Installation with 29 silver gelatin photographs and a notice board.

The exhibition “Exteriors”, Center for Contemporary Art, Kiev, Ukraine

In 1991, when Ukraine became independent of the Soviet Union, Maxim Popov did his final season at a Kiev high school. The borders opened and for the first time Max watched a Vietnam movie, The Platoon by Oliver Stone. His interest in war history was old, but this movie showed him a new and inspiring, more accurate image of what war was like. A few years later, Max and his friends started a re-enactment group called 1st Platoon. Specifically, they re-enact the 1st Platoon of the Alpha Company of 1/6th Infantry, an American military unit serving in Vietnam from 1967 to 1972.

The conflict in Vietnam was above all a war against communism. Even a large number of immigrants from Ukraine participated and fought for USA in this war. In Ukraine, the 1st Platoon stages fights, battles, operations and the everyday life of American soldiers on a non-profit basis. It is their hobby, and has no conscious connections to the changes in the Ukrainian society during the 1990’s. However, with a little bit of imagination it would be easy to picture a possible relationship between what this group chooses to portray and the recent history of post-communist Ukraine.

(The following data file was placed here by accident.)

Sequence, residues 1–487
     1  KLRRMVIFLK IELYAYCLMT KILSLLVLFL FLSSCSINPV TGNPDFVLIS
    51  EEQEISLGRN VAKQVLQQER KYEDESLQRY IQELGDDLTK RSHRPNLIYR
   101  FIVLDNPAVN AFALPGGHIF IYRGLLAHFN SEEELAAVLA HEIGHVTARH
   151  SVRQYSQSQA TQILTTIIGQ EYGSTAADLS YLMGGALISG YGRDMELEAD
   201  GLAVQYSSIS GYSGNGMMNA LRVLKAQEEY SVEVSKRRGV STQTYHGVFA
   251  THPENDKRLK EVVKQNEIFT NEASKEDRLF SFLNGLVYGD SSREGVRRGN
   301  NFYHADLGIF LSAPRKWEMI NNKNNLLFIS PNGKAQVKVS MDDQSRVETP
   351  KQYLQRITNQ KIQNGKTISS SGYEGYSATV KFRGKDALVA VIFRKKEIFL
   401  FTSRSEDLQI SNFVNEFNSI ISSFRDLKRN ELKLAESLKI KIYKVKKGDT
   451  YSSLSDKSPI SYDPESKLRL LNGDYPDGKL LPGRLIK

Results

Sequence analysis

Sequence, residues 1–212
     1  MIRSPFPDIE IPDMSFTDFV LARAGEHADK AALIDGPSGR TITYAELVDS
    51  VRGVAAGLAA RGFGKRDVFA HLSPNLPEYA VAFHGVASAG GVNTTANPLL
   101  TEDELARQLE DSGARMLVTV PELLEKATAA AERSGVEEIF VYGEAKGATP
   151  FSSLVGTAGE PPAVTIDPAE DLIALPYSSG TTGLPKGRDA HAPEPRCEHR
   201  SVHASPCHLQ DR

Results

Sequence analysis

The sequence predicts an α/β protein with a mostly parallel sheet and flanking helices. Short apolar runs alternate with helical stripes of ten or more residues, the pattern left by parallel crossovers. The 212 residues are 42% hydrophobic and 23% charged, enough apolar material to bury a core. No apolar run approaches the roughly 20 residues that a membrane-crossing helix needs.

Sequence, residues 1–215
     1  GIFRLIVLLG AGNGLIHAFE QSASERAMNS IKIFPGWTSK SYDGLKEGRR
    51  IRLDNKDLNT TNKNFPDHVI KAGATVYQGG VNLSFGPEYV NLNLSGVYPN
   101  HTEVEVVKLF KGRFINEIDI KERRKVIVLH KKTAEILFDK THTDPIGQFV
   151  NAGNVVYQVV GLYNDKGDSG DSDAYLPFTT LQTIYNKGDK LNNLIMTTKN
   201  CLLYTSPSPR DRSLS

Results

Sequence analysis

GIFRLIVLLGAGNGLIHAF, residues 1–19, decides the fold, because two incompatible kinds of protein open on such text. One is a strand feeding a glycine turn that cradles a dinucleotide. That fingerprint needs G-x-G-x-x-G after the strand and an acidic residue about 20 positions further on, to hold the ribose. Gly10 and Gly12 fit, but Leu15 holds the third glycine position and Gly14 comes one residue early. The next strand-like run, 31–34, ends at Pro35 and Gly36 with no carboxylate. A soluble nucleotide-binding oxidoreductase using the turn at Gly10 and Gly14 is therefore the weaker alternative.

Located in the southern outskirts of Kiev is the Pyrohovo Museum of Folk Architecture and Life. Consisting of a 150 hectare architectural landscape-complex, showing all historic-ethnographic regions of Ukraine, it is one of the largest open-air museums worldwide. Divided into two distinct areas, the museum focuses at the time before the Revolution as well as the socialist epoch that followed. Authentic and representative buildings have been collected from all over the country, and different areas of the museum depict different parts and eras of Ukraine. For instance, there is a Socialist Village that offers an intriguing look into the changes the Soviet Union brought to Ukraine. It was built during the mid 1980’s with typical 1960’s and -70’s villas along a winding and picturesque village street.

These two historical reconstructions, the American soldiers of the 1st Platoon and the Socialist village at Pyrohovo, are formally just surfaces: exteriors and interiors from the Soviet era and props and costumes of soldier equipment. But combining them, letting the soldiers act in the village, and documenting it with 1960’s and -70’s style of black and white photography, creates a story of its own, undefined and therefore open for interpretations. What and where is this? When is it from? Does it maybe show an unknown American military operation in Soviet during the Cold War? Beyond these fabricated fantasies it is nevertheless just contemporary Ukrainians acting in a museum setting. Still I think this illustrates something of the current situation in Ukraine: the approach to the past and the increasing Americanisation. Furthermore, it deals with international issues within the Living History culture of today; open-air museums commission to preserve and exhibit local History, and independent re-enactors unbound freedom to appropriate and perform whatever time and place they want.

Martin Karlsson, October 2007

Installation view, CCA, Kiev, 2007

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